A relatively small election is getting intense interest in Arizona. It's an election to recall State Sen. Russell Pearce, the architect of Arizona's strict immigration laws. As NPR's Ted Robbins reports, the recall election is splitting the community along religious as much as political lines.
Liberia held presidential elections this week. The front runner and current president of Liberia is Ellen Johnson Sirleaf, who was awarded the Nobel Peace Prize this month. But awards notwithstanding, Liberia remains a place recovering from a 14-year-long civil war, with much of the country too poor even to have electric power or clean running water. Scott Simon talks with Tim Butcher, former Africa correspondent for The Daily Telegraph, about the challenges facing the country.
Baseball playoffs are heating up with pennants on the line. Over in the NFL, the game everyone's watching this week is a battle of rising teams. Meanwhile, the NBA is still locked out, and if it stays that way, it could mean no Christmas games. Host Scott Simon and NPR's Tom Goldman talk sports.
A grand jury has indicted the Roman Catholic bishop of Kansas City for failing to report suspected child sexual abuse. Bishop Robert Finn has pleaded not guilty to a misdemeanor count of not reporting to police that he had seen child pornography on a priest's computer. It's the first time a bishop has been indicted since the church abuse scandal became public 25 years ago. NPR's Barbara Bradley Hagerty reports.
Alabama has what many consider to be the strictest anti-immigration law in the country. Now that the law has been in effect for a few weeks, the state's residents are starting to see what some of the unintended consequences are. Andrew Yeager of member station WBHM reports from Birmingham.
When we last heard from Harold Camping, the Family Radio broadcaster was conceding he'd been wrong about The Rapture beginning on May 21 — a prediction that had some folks selling their worldly possessions and traveling the nation to warn that the end was coming soon.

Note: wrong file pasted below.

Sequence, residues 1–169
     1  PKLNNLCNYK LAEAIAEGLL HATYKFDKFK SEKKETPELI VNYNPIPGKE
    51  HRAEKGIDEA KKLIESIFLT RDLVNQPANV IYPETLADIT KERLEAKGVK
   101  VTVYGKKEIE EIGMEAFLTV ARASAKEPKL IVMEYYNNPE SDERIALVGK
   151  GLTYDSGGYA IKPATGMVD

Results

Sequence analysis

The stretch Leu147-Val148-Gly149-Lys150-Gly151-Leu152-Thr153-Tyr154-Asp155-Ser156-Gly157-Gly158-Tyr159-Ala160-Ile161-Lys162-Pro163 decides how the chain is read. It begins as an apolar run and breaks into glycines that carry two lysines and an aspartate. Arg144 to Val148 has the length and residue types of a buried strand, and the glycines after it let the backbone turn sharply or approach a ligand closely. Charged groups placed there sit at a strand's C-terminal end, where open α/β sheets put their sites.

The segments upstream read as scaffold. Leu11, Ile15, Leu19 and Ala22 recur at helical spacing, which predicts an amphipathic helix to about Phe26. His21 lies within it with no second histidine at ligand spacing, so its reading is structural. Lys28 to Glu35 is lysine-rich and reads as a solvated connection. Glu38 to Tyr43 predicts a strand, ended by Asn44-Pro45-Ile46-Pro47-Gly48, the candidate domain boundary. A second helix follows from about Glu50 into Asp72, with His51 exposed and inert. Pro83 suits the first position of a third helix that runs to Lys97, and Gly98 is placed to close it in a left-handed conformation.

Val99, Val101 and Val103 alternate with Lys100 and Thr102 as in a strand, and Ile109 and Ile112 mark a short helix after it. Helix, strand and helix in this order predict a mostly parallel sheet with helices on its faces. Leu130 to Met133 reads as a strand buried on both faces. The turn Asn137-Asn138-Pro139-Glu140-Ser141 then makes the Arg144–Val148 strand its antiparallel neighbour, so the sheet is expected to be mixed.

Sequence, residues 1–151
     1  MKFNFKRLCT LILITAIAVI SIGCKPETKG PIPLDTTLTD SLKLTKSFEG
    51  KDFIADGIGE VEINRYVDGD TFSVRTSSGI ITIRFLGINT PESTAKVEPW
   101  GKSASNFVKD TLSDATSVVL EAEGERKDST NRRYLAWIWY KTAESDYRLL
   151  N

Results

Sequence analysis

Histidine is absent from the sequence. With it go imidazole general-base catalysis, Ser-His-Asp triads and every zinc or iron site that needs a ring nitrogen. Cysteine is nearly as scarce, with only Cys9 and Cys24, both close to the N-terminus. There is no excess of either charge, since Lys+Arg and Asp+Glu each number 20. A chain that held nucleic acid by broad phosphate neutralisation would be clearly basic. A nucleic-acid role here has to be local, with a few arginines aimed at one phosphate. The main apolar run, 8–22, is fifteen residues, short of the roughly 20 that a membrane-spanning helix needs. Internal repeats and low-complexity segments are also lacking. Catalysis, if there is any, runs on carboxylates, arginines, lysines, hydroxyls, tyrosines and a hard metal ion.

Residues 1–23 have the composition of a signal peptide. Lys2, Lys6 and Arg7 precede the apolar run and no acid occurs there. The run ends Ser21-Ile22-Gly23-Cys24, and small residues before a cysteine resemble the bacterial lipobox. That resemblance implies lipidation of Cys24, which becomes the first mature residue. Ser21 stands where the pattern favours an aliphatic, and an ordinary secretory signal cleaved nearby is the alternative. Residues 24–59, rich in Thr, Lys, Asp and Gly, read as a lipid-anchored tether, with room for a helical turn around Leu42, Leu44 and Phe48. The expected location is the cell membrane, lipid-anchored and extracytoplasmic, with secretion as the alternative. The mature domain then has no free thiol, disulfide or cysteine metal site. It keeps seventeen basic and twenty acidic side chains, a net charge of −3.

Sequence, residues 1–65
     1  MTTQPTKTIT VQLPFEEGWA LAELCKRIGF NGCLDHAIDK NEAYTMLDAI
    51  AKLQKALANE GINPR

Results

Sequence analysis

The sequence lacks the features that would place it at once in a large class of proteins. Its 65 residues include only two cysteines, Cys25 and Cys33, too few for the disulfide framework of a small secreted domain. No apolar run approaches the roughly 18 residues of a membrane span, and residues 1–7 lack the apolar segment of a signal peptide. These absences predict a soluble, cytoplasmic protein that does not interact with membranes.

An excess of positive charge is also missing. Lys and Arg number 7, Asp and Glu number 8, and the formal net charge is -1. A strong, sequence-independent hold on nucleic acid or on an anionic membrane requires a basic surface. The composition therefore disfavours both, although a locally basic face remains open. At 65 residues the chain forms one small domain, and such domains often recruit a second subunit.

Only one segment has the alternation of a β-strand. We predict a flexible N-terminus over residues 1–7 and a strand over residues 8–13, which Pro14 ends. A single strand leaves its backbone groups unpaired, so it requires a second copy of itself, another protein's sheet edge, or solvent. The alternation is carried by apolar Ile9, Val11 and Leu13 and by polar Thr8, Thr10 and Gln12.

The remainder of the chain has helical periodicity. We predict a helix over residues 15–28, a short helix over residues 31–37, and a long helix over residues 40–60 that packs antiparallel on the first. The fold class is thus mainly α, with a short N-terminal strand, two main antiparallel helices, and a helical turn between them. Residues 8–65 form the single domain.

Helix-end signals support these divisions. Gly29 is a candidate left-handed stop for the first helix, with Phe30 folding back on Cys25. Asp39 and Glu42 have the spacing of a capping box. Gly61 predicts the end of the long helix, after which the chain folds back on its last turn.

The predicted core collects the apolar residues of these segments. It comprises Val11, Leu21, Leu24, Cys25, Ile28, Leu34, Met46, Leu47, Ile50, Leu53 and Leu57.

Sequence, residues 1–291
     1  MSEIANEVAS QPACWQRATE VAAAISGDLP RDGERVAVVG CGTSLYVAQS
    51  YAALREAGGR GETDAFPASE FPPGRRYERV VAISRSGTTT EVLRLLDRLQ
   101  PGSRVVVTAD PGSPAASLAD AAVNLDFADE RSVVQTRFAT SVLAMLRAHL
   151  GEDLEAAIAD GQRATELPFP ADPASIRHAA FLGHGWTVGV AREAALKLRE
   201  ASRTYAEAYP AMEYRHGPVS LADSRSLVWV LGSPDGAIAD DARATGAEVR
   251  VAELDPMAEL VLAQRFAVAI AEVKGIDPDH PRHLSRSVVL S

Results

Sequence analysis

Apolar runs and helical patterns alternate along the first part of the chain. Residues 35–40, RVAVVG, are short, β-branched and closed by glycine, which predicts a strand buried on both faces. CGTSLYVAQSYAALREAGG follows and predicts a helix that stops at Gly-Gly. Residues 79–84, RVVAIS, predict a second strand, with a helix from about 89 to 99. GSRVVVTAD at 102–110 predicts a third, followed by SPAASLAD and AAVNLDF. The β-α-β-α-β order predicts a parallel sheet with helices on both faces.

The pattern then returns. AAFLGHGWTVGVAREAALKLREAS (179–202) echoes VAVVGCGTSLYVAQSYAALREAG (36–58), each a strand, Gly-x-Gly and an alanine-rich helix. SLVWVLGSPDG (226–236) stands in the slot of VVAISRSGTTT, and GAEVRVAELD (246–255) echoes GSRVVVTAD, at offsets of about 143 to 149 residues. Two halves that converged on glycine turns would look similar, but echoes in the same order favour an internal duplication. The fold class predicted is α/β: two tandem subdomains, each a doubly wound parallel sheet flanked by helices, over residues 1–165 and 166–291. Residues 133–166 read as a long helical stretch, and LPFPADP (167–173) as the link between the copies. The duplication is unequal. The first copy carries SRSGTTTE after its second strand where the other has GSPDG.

An air traffic controller monitors flights in July at the Denver International Airport. The Federal Aviation Administration is planning to modernize its traffic control system, but has faced a number of obstacles.
The government is trying to modernize the nation's air traffic control system, but cost overruns, software problems and management concerns are making some wonder whether the so-called "Next Generation" system may take another generation to complete.
The radar screens in the nation's aircraft control towers are based on technology dating to World War II. Many of the routes airliners fly were laid out at a time pilots followed bonfires for navigation at night.
An alleged Iranian plot to assassinate Saudi Arabia's ambassador to the U.S., Adel al-Jubeir (shown here in 2004), may have been motivated by tensions between Iran and Saudi Arabia, but also could underscore an internal power struggle.
The disclosure of an alleged Iranian plot to kill the Saudi ambassador in the U.S. is certain to worsen relations between Riyadh and Tehran, despite the baffling and improbable details that have emerged so far.
Relations between Iran and Saudi Arabia have been deteriorating for some years now, however, with growing hostility bubbling just below the surface. In that context, the plot may make more sense than is immediately apparent.